Govt panel says it will hold public hearings
A special government committee has acknowledged the final report of the Truth for Reconciliation Commission of Thailand and is using its recommendations to hold public hearings, the spokesman of the panel said yesterday.
Weerawong Jitmittraparp, the spokesman of the government panel following up on the proposals of the TRCT, said his panel was using parts of the TRCT's proposals to hold public discussions.
He said the government was also speeding up the remedy process for all sides affected by the 2010 political violence.
Weerawong spoke to reporters after his panel held a meeting to discuss the TRCT report.
The spokesman said the panel saw that government agencies must study the possibilities of proposals from the TRCT, and send opinions to the government.
Weerawong said his panel did not consider the details of causes of the violence and abuses during the 2010 political violence because it saw that the judicial procedure and courts would have the final say on the facts of such incidents.
But the panel wanted to call on members of society to consider the report with reason and refrain from being emotional.
Weerawong said his panel would only acknowledge the TRCT report without endorsing it or agreeing with it because it has yet to study reports from other agencies, including the House, the King Prajadipok's Institute and some private organisations. He said it would be up to the courts to decide who was right or wrong in the political violence.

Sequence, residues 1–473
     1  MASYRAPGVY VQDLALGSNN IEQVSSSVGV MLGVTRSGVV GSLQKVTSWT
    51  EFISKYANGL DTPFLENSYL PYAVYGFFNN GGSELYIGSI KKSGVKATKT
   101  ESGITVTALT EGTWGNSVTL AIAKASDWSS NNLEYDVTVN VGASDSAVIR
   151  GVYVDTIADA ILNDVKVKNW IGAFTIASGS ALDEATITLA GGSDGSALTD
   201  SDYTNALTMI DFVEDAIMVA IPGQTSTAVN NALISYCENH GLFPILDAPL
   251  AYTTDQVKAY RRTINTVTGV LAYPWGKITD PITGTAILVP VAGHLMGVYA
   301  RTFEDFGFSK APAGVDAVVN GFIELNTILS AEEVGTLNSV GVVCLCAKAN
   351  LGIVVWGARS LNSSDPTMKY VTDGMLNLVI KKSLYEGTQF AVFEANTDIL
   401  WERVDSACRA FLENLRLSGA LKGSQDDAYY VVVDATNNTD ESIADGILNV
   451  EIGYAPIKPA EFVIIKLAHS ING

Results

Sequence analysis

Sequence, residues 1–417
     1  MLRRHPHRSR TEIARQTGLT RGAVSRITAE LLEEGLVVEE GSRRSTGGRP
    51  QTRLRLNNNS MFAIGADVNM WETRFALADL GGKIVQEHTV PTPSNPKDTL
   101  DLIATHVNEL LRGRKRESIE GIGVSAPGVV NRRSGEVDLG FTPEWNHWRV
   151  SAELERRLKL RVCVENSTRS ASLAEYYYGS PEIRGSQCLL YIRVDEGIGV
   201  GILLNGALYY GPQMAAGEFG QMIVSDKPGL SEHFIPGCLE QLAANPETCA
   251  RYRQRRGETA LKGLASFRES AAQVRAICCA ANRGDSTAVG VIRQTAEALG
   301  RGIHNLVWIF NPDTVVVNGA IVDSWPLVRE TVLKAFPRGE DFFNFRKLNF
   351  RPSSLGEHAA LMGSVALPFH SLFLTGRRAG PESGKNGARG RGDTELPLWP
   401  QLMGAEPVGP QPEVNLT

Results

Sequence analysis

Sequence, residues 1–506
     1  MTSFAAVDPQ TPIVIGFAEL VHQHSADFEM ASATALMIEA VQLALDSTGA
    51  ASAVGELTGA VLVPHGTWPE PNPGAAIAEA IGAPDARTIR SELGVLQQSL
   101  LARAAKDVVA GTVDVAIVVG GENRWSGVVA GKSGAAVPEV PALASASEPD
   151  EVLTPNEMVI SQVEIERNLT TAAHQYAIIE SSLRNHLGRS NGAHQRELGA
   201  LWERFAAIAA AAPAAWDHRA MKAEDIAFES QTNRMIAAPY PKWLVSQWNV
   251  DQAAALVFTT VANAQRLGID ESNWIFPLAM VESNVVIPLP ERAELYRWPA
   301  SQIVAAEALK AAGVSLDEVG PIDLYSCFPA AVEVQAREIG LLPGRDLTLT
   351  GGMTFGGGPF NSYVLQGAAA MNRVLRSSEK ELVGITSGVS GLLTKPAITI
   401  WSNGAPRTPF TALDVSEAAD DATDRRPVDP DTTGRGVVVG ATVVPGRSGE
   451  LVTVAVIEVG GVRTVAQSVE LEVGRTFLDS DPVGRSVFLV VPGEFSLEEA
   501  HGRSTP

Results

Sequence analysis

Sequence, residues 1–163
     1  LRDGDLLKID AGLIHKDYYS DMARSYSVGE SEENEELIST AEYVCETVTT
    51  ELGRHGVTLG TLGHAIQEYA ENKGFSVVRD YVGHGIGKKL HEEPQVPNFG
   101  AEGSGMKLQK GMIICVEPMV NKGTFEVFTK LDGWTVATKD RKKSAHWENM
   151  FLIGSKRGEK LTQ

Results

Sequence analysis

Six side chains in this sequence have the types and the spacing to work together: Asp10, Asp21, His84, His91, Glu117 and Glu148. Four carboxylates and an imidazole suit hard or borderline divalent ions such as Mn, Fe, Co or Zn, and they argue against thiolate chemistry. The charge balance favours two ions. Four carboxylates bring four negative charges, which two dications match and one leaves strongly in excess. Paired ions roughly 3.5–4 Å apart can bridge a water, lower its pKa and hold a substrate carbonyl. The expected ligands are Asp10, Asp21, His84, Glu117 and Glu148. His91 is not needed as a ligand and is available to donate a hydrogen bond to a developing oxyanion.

The spokesman said the panel would not review facts in the TRCT report as demanded by Pheu Thai MPs Kattiya Sawasdiphol and weng Tojirakarn. He said facts would be left for the court to consider.
Earlier, the panel was headed by deputy prime minister Yongyuth Wichaidit, who retired yesterday.
Weerapong said Yongyuth's resignation would affect the work of the panel only temporarily, as a new chairman would be appointed soon.
In another development, Pol Col Prawes Moonpramook, deputy director-general of the Department of Special Investigation, said DSI investigators were summoning commanders of Army divisions and battalions that deployed troops to crackdown on red-shirt protesters to testify.
Prawes said DSI investigators wanted to know how many troops were deployed to exact locations. He said the commanders had so far postponed from testifying.
Also yesterday, Prime Minister Yingluck Shinawatra assured outgoing Japanese Ambassador Seiji Kojima that the Thai government attached importance to finding the truth about the death of Japanese cameraman Hiroyuki Muramoto. Yingluck gave the assurance when the ambassador visited her to say farewell before he leaves Thailand.